- The company sees revenue growing in the mid-single digits from the $4.58 billion seen in 2020.
- Mattel executives noted they see sales growing at a similar pace in 2022 and 2023.
Shares of Mattel rose as much as 4% on Wednesday as the company outlined its plans for 2021 and beyond.
As part of the company's investor day presentation, the toymaker reiterated its expectation for growth this year and laid out its forecasts for 2022 and 2023.
For 2021, Mattel expects adjusted EBITDA to range between $775 million and $800 million. That would be an increase from $719 million last year.
The company added it sees revenue growing in the mid-single digits from the $4.58 billion seen in 2020. Mattel executives noted they see sales growing at a similar pace in 2022 and 2023. The company also sees operating income margin staying in the mid-teens through 2023.
Additionally, Mattel expects cost savings of $250 million by 2023. Mattel cut costs by $1 billion between 2018 and 2020.
Since taking over as CEO in 2018, Ynon Kreiz has set in motion a multiyear strategy aimed at restoring profitability and reigniting topline growth while capturing the value of Mattel's intellectual properties.
Kreiz's plans involve implementing an online retail and e-commerce strategy as well as producing films showcasing the different Mattel brands. One of Kreiz's first moves since joining the company was launching a film and television division; it currently has more than 50 projects in the works. Among the projects are an Uno live-action film, a Whac-A-Mole game show and a Thomas & Friends series.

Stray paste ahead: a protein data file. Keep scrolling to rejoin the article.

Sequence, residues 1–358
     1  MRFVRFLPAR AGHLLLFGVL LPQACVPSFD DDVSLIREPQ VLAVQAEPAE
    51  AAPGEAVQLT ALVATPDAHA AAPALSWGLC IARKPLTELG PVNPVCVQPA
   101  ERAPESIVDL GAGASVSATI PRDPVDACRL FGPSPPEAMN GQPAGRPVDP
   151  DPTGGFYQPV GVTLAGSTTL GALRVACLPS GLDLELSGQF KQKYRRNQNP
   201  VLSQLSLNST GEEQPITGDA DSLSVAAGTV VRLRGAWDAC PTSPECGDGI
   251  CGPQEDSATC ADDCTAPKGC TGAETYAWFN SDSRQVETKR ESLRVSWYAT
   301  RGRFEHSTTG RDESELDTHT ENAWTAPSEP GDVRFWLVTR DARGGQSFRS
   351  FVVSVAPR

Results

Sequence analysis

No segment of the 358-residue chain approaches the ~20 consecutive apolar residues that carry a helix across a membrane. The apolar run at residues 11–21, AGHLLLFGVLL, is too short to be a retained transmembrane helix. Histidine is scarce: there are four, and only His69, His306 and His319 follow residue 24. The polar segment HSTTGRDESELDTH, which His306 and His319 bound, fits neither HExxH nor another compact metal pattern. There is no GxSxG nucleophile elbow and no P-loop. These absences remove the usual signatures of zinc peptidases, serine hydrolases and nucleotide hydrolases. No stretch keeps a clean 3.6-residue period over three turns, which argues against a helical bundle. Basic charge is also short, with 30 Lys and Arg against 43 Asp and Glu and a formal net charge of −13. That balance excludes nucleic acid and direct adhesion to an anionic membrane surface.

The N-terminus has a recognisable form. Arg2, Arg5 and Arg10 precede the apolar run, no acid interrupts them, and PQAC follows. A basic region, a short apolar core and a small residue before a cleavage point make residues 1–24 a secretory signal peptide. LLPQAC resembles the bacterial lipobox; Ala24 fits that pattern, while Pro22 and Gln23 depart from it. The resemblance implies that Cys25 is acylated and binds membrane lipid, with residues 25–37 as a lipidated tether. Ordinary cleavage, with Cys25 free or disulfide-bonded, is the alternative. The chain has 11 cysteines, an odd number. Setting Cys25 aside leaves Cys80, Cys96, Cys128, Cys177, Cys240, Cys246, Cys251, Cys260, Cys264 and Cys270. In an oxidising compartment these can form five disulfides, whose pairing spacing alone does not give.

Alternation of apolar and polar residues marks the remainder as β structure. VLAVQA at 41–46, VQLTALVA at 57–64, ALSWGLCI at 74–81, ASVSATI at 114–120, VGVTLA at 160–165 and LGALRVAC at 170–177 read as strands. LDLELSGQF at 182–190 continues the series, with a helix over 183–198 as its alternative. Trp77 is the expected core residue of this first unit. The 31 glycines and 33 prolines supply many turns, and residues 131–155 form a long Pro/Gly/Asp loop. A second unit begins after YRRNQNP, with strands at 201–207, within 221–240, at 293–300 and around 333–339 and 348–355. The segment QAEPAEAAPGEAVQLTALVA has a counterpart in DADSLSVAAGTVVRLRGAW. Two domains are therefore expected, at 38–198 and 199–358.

Mattel's forecasts come on the back of strong fourth-quarter results, which were released earlier this month.
Excluding items, Mattel earned 40 cents a share, which was higher than a Refinitiv earnings per share forecast of 23 cents. Sales jumped by 10% to $1.63 billion, outpacing the $1.58 billion analysts expected.
Correction: This story has been updated to reflect that Mattel expects adjusted EBITDA to range between $775 million and $800 million in 2021. A prior version of this story misstated the lower end of the range.